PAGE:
Nova Scotia to open provincial boundary to travellers from New Brunswick on Saturday

·3 min read

HALIFAX — Nova Scotia is opening its provincial boundary with New Brunswick on Saturday, citing low COVID-19 case numbers in both provinces.

Premier Iain Rankin made the announcement Friday — one day after the four Atlantic premiers announced the return of the regional travel bubble by April 19.

Rankin said effective at 8 a.m. Saturday, New Brunswick residents travelling to Nova Scotia will not have to isolate for two weeks, while Nova Scotians returning home from the neighbouring province also won't have to quarantine for 14 days.

The premier said the change was made on the recommendation of chief medical officer of health Dr. Robert Strang because both provinces have similar COVID-19 case levels.

"I know this will make life easier for Nova Scotians who have family in New Brunswick or who work in New Brunswick," Rankin told reporters during a briefing.

Nova Scotia reported three new cases of COVID-19 Friday along with 17 active infections, while New Brunswick reported two new cases and 48 active infections.

Rankin also said restrictions that have remained in place in the Halifax area will be lifted Saturday, leaving the entire province under the same rules.

Among the changes, limits on household gatherings will rise from 10 to as many as 20 people, while restaurants and licensed establishments will be required to stop service by 11 p.m. and close by midnight. They had been forced to stop serving clients at 10 p.m. and close an hour later.

Businesses and organizations will be allowed to host up to 150 people outdoors or operate at 50 per cent capacity to a maximum of 100 people outside, and visitors will once again be permitted inside long-term care facilities, adult residential centres and regional rehabilitation centres.

"We cannot forget that things can change quickly," Strang said. "Until the majority of Nova Scotians have received their first dose of vaccine and we have a high level of protection from the virus, we will need to keep following all of the COVID protocols and using restrictions as necessary."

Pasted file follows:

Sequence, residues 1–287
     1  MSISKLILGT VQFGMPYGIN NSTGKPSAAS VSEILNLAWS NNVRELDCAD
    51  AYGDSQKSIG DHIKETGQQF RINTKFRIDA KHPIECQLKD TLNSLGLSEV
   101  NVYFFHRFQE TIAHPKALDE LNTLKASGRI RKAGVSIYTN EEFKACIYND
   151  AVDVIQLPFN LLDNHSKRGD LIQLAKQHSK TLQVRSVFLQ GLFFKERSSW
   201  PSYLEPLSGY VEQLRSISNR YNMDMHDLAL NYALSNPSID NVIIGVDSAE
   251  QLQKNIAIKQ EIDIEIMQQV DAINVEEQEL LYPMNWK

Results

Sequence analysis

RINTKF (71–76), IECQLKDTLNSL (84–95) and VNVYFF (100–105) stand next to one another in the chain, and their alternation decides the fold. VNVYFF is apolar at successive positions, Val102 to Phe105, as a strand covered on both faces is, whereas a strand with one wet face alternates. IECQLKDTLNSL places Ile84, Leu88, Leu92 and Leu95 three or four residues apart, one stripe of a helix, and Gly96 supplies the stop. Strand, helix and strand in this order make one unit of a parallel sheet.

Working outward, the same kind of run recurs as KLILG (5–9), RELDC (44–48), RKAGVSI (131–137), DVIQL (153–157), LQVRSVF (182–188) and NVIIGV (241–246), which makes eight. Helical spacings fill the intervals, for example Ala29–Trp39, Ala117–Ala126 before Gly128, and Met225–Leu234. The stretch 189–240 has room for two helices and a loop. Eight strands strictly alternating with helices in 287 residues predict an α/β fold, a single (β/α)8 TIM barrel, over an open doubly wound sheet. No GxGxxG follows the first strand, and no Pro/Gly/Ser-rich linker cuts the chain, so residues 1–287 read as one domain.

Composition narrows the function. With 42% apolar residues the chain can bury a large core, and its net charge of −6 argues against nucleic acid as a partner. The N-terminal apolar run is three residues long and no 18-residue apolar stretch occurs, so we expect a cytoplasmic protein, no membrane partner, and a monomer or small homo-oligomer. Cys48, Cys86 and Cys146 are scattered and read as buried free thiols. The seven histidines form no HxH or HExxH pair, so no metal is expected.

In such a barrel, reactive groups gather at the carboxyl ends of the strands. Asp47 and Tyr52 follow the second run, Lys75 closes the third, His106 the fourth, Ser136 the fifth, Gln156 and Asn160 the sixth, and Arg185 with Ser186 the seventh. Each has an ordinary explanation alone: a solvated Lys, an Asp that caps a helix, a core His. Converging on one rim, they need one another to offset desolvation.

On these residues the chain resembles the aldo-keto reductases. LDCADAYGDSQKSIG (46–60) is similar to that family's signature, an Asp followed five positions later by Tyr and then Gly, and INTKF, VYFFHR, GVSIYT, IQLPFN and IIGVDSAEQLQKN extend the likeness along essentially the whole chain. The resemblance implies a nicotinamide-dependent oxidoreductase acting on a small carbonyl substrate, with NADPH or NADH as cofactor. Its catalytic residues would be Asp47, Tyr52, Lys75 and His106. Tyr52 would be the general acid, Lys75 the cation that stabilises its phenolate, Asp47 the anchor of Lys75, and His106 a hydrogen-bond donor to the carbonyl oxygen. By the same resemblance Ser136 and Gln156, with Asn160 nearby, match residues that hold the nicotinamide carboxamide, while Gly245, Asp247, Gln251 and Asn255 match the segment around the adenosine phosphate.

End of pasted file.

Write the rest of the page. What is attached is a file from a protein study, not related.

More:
Meanwhile, Strang defended his decision to reverse his position and move front-line police officers ahead in the province's vaccination schedule.

Earlier this month, front-line police officers were quietly added to a list of people eligible for vaccination during the second phase of the province's rollout plan, joining groups such as long-haul truck drivers and hospital workers over the age of 60.

Strang had previously suggested that officers weren't at the same risk as other workers listed in Phase 2. He said he now understands that police are often first responders at the scene of a public "medical event."

"All we are doing is treating front-line officers the same as medical first responders who are firefighters … and paramedics," Strang said.

He also defended the pace at which Nova Scotians are being vaccinated; national tracking places the province last when it comes to vaccinations per 100,000 residents or as a percentage of the population.

Strang said Nova Scotia's low case numbers allowed it to hold back half the initial shipments of vaccine doses as booster shots within the three-to-four-week time frame recommended by vaccine makers.

The province changed its policy after national guidelines recommended extending the interval between doses up to four months, but the government needed to fulfil its commitment to people vaccinated earlier, he added. Strang said everyone who was told they would get a booster shot within a three-to-four-week interval will receive one by early next month.

"I'm not really concerned about where we are now compared to other provinces because I know we are on a trajectory to be very effective in getting all Nova Scotians (vaccinated) over the next two to three months," he said.

Strang said the province would release more detailed information about its vaccine rollout during a technical briefing on Tuesday.

This report by The Canadian Press was first published March 19, 2021.

Keith Doucette, The Canadian Press